Businesses that employ workers need to comply with the law very carefully. They generally also need to stay on good terms with current and former workers to mitigate the risk of employment litigation. Workers may file lawsuits against companies for a variety of reasons. They may claim that a company discriminated against certain groups or retaliated against those who made use of certain employment rights. One of the more common reasons that employees take legal action against the organizations that hired them involves wage and hour law violations.
Companies may intentionally underpay workers by denying them overtime, paying less than minimum wage or otherwise depriving them of the compensation they have earned through their labor. How can organizations minimize the likelihood of wage and hour lawsuits brought by workers?
Learning and complying with the law
Both state and federal wage laws apply to conflicts about pay. Businesses need to be aware of what laws apply and comply with them very carefully. From meeting minimum wage standards to fulfilling overtime pay requirements, an understanding of what the law requires and a consistent practice of abiding by those rules will help minimize the likelihood that workers would have a viable wage claim against the company.
Maintaining accurate records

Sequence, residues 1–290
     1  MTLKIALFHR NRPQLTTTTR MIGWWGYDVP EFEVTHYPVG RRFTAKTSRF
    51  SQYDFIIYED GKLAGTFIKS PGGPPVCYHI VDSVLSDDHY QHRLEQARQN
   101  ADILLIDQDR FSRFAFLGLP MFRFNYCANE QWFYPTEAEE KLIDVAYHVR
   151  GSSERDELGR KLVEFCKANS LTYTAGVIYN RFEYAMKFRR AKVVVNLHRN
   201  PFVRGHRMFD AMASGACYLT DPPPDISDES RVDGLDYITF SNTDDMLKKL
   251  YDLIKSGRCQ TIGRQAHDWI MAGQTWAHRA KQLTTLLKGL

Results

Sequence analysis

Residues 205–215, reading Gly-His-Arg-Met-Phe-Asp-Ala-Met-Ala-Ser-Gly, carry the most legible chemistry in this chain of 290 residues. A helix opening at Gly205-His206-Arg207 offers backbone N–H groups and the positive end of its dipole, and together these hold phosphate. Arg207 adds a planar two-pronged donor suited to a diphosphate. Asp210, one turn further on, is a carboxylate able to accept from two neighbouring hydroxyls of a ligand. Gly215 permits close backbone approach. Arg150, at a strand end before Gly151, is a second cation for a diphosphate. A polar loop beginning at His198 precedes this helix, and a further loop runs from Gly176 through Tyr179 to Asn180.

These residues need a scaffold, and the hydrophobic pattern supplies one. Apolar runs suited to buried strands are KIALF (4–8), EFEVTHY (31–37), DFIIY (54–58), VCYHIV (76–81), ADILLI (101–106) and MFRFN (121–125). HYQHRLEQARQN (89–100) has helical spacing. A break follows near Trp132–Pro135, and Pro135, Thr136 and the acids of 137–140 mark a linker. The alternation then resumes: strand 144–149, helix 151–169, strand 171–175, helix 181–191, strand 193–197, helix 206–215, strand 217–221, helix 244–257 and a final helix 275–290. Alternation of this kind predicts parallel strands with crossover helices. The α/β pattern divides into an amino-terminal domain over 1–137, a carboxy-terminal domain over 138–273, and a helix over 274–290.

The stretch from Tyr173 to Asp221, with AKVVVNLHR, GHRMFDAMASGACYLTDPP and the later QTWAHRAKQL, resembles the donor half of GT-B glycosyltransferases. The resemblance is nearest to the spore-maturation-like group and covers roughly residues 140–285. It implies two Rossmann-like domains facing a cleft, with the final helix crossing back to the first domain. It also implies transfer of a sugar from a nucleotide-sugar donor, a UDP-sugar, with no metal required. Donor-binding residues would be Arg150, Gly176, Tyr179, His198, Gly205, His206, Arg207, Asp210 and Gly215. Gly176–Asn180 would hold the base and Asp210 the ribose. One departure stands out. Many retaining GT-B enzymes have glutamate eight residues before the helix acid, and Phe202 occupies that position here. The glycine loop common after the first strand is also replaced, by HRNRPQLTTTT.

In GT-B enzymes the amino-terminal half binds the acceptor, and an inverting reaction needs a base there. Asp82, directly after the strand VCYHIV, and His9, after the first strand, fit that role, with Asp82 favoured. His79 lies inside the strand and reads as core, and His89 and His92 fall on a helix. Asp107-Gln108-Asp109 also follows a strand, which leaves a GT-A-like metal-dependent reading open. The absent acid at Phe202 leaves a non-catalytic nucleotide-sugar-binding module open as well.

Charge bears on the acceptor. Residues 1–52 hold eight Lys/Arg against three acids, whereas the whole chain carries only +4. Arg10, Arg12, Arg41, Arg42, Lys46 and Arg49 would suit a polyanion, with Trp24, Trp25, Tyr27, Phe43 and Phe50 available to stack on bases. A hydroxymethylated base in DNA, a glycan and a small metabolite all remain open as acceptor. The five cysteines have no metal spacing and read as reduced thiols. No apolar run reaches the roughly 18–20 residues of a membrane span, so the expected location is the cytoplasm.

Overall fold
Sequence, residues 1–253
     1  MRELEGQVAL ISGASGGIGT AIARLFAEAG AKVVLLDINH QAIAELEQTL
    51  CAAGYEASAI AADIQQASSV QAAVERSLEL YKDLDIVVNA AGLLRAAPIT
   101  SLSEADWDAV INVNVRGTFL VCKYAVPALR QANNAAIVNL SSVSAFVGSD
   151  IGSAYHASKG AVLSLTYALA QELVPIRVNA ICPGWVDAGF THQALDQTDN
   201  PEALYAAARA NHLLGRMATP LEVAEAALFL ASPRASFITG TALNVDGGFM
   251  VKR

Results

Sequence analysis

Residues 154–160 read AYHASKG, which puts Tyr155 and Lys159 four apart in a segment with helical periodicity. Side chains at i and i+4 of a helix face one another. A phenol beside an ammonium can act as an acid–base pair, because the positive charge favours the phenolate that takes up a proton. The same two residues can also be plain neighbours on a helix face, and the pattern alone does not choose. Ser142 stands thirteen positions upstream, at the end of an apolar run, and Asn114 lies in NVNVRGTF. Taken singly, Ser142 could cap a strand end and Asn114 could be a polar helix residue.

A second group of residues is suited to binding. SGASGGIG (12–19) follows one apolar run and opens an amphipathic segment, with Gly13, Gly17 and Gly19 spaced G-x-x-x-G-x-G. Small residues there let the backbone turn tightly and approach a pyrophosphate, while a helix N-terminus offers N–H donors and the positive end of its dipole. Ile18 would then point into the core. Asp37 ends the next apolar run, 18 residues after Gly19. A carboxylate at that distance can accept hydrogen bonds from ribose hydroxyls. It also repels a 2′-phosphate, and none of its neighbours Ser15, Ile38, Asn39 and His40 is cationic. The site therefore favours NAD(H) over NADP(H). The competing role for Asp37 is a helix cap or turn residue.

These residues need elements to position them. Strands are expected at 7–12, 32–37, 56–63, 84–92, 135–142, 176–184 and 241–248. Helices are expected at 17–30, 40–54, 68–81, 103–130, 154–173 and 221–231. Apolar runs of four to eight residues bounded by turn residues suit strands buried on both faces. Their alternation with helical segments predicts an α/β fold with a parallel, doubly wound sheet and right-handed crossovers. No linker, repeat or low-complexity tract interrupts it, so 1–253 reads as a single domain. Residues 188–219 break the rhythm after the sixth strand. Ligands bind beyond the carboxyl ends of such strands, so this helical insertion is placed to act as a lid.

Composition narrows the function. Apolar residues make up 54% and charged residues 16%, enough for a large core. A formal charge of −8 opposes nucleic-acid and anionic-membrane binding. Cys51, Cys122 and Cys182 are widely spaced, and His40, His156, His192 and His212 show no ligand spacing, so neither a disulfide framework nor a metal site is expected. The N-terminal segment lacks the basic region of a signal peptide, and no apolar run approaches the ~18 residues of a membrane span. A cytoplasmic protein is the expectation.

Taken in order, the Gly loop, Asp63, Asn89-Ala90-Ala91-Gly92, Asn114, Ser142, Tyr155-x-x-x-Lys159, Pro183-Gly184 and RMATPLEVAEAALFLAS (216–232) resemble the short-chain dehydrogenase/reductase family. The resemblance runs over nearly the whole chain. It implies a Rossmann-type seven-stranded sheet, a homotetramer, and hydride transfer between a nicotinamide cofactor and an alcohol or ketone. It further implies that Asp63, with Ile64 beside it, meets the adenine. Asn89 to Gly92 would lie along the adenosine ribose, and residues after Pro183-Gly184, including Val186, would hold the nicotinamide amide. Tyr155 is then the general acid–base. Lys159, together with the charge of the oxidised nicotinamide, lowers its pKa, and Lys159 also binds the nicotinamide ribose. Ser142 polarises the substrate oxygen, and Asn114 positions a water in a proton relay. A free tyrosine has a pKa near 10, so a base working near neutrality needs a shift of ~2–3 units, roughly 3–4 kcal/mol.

Employment records are often a key component of a company’s defense against wage claims. In general, organizations must maintain timekeeping and other payroll information for at least three years. The more accurate and thorough those records are, the harder it will be for employees to claim that the company manipulated payroll matters or otherwise engaged in some form of wage theft. The organization’s internal records can typically play a major role in the response to a lawsuit. The company’s timekeeping records, for example, can help show that the checks issued by the payroll department accurately reflect when workers clocked in and out of their shifts.
Establishing protective employment contracts
Making sure that workers understand the compensation they will receive is as important as following the law. Employees who develop impractical expectations may become embittered when the company does not meet those expectations. Clarifying who receives bonuses and how regularly the company provides cost-of-living wage increases in employment contracts could reduce the likelihood that workers will become angry about the pay they receive. Requiring mediation or other alternative dispute resolution efforts prior to litigation can also deter workers from bringing a questionable lawsuit without first trying to settle the matter with the company.
Being proactive about preventing wage and hour lawsuit risks can help a company preserve its finances and its reputation.